What is Cub Scouting?
What Is Cub Scouting?
The Purposes of Cub Scouting
Since 1930, the Boy Scouts of America has helped younger boys through Cub Scouting. It is a year round family program designed for boys who are in the first grade through fifth grade (or 7, 8, 9, and 10 years of age). Parents, leaders, and organizations work together to achieve the purposes of Cub Scouting.
The ten purposes of Cub Scouting are:
1. Character Development
2. Spiritual Growth
3. Good Citizenship
4. Sportsmanship and Fitness
5. Family Understanding
6. Respectful Relationships
7. Personal Achievement
8. Friendly Service
9. Fun and Adventure
10. Preparation for Boy Scouts
Cub Scouting members join a Cub Scout pack and are assigned to a den, usually a neighborhood group of six to eight boys. Tiger Cub Scouts (first-graders), Wolf Cub Scouts (second-graders), Bear Cub Scouts (third-graders), and Webelos Scouts (fourth- and fifth-graders) meet weekly.
Once a month, all of the dens and family members gather for a pack meeting under the direction of a Cubmaster and pack committee. The committee includes parents of boys in the pack and members of the chartered organization.
Thousands of volunteer leaders, both men and women, are involved in the Cub Scout program. They serve in a variety of positions, as everything from unit leaders to pack committee chairmen, committee members, den leaders, and chartered organization representatives.
Like other phases of the Scouting program, a Cub Scout pack belongs to an organization with interests similar to those of the BSA. This organization, which might be a church, school, community organization, or group of interested citizens, is chartered by the local BSA council to use the Scouting program. This chartered organization provides a suitable meeting place, adult leadership, supervision, and opportunities for a healthy Scouting life for the boys under its care.
Each organization appoints one of its members as a chartered organization representative. The organization, through the pack committee, is responsible for providing leadership, the meeting place, and support materials for pack activities.
Who Pays For It?
Groups responsible for supporting Cub Scouting are the boys and their parents, the pack, the chartered organization, and the community. The boy is encouraged to pay his own way by contributing dues each week. Packs also obtain income by working on approved money-earning projects. The community, including parents, supports Cub Scouting through the United Way, Friends of Scouting enrollment, bequests, and special contributions to the BSA local council. This financial support provides leadership training, outdoor programs, council service centers and other facilities, and professional service for units.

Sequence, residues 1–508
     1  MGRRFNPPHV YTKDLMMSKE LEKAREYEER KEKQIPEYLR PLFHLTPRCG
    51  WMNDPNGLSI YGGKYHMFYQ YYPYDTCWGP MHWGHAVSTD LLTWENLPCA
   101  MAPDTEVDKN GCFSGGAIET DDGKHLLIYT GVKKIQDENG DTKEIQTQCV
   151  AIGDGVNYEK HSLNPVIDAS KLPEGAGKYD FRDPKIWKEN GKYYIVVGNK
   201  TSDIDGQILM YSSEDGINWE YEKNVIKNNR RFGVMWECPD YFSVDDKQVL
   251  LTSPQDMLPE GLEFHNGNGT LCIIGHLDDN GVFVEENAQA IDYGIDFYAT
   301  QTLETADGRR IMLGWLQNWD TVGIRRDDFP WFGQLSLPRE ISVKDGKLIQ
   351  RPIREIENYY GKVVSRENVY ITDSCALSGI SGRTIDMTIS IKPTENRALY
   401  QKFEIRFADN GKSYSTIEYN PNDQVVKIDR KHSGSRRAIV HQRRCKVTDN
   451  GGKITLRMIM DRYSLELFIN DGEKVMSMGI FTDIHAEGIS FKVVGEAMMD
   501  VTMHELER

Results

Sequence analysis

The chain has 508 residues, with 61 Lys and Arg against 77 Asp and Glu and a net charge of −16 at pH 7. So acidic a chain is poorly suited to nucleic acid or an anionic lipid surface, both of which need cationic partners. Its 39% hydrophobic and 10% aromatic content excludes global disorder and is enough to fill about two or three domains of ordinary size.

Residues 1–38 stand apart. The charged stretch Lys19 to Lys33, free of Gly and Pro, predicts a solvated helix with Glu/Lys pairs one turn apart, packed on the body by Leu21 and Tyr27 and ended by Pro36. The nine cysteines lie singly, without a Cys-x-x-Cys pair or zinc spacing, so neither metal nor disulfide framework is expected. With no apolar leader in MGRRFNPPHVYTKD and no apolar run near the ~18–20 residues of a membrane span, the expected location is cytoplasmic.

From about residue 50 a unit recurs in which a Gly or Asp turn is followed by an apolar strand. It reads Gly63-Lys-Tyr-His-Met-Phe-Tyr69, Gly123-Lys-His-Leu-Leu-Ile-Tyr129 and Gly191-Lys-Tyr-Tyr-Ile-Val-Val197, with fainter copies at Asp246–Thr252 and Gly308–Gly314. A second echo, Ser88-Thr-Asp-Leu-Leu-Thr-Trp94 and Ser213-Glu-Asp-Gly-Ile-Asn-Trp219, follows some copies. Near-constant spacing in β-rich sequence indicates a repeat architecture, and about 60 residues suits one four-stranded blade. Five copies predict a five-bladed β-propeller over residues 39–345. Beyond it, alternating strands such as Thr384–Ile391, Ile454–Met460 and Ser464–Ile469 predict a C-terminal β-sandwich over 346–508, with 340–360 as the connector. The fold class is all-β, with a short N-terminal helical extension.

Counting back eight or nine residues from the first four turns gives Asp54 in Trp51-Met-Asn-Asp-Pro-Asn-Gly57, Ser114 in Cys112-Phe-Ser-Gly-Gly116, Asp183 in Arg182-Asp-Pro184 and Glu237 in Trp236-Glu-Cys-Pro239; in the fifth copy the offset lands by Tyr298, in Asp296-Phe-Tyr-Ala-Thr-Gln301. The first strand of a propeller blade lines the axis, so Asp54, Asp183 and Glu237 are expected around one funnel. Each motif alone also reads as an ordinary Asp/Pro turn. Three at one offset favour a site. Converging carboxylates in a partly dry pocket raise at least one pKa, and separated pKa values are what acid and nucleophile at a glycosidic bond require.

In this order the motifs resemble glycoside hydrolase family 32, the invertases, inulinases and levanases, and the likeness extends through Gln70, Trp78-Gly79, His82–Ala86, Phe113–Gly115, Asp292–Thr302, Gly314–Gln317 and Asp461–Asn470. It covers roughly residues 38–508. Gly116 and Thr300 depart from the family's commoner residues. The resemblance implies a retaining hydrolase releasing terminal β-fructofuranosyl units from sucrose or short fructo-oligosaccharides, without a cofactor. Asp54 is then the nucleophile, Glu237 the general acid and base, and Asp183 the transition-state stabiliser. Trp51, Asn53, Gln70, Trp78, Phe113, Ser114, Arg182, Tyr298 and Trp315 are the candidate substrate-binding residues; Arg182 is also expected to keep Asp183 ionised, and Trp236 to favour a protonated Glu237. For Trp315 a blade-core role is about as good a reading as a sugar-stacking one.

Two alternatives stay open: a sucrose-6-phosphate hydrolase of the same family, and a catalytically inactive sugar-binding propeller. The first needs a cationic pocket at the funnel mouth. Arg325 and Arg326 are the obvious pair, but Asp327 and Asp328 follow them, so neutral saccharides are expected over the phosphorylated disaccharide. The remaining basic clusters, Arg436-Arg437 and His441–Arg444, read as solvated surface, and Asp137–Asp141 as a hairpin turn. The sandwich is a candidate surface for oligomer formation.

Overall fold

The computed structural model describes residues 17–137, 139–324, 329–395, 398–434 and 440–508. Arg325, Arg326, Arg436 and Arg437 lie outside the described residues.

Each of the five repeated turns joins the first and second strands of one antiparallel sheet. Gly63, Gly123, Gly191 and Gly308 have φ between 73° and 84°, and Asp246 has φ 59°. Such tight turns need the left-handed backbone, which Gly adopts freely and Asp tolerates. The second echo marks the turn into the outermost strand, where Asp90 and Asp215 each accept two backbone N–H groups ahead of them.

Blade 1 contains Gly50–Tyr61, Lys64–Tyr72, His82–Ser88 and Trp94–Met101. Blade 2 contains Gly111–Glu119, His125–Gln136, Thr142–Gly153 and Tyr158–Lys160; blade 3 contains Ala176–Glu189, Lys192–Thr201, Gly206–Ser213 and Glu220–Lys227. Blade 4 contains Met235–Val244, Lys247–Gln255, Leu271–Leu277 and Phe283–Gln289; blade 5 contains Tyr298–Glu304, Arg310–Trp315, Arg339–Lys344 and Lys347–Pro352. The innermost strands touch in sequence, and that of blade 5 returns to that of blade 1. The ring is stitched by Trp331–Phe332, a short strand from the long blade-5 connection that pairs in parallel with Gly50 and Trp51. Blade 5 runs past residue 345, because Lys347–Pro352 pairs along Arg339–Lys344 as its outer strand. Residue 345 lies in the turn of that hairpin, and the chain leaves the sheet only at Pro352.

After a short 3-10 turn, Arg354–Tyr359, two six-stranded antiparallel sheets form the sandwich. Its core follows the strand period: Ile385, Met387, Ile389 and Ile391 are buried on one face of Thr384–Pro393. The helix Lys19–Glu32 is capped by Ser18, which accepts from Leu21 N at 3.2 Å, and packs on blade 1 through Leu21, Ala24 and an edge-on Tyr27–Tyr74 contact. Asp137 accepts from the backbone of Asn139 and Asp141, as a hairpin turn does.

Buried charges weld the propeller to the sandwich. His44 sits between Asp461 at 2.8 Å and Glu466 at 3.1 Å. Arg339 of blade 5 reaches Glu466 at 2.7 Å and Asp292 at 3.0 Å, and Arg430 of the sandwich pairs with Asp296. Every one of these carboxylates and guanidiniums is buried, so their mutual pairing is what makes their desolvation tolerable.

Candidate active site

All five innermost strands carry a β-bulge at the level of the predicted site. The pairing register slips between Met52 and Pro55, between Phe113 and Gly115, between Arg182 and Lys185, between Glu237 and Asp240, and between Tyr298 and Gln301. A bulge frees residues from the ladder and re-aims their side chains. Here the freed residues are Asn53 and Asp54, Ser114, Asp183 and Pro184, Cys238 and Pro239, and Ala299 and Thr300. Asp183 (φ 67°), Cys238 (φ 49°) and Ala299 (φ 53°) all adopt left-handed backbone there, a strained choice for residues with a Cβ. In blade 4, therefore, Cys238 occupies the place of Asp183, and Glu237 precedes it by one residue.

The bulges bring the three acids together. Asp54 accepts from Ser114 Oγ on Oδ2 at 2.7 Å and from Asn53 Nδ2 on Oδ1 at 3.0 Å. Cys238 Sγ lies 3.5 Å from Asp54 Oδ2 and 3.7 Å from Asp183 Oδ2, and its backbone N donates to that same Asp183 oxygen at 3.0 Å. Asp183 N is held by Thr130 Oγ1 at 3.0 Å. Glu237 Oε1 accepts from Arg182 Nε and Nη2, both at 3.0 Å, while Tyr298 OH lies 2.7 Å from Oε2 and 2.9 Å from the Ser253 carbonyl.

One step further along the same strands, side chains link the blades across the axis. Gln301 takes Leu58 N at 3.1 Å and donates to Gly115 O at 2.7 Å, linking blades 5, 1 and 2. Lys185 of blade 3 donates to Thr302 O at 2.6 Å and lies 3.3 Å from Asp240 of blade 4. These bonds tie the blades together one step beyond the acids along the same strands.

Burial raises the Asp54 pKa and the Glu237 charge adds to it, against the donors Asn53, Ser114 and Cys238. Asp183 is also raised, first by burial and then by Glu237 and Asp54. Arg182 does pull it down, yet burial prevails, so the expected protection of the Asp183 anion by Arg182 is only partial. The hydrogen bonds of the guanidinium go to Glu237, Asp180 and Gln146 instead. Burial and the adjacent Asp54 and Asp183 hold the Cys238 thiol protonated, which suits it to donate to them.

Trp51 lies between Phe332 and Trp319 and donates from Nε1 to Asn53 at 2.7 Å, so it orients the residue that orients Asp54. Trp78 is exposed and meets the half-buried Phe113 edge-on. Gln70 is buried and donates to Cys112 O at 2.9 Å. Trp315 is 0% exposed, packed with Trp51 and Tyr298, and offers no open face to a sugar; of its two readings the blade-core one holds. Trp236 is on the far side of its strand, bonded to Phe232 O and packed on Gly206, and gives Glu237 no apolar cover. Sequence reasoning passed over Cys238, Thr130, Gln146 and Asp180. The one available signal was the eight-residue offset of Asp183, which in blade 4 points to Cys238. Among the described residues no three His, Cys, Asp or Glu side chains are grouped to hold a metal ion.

Recognition is important to young boys. The Cub Scouting advancement plan provides fun for the boys, gives them a sense of personal achievement as they earn badges, and strengthens family understanding as adult family members work with boys on advancement projects.
Cub Scouting means "doing." Everything in Cub Scouting is designed to have the youth doing things. Activities are used to achieve the aims of Scouting—citizenship training, character development, personal fitness, and leadership development. Many of the activities happen right in the den and pack. The most important are the weekly den meetings and the monthly pack meetings.
Age-appropriate camping programs are packed with theme-oriented action that brings Tigers, Cub Scouts, and Webelos Scouts into the great out-of-doors. Day camping comes to the boy in neighborhoods across the country; resident camping is at least a three-day experience in which Cub Scouts and Webelos Scouts camp within a developed theme of adventure and excitement. "Cub Scout Worlds" are used by many councils to carry the world of imagination into reality with actual theme structures of castles, forts, ships, etc. Cub Scout pack families enjoy camping in local council camps and other council-approved campsites. Camping programs combine fun and excitement with doing one's best, getting along with others, and developing an appreciation for ecology and the world of the outdoors.
Cub Scouting Ideals
Apart from the fun and excitement of Cub Scout activities, the Scout Promise, Scout Law, and the Cub Scout sign, handshake, motto, and salute all teach good citizenship and contribute to a scout's sense of belonging.
Scout Promise - On my honor I will do my best to do my duty to God and my country and to obey the Scout Law; To help other people at all times; To keep myself physically strong, mentally awake, and morally straight.
Scout Law - A Scout is trustworthy, loyal, helpful, friendly, courteous, kind, obedient, cheerful, thrifty, brave, clean, and reverent.
Cub Scout Motto - Do Your Best.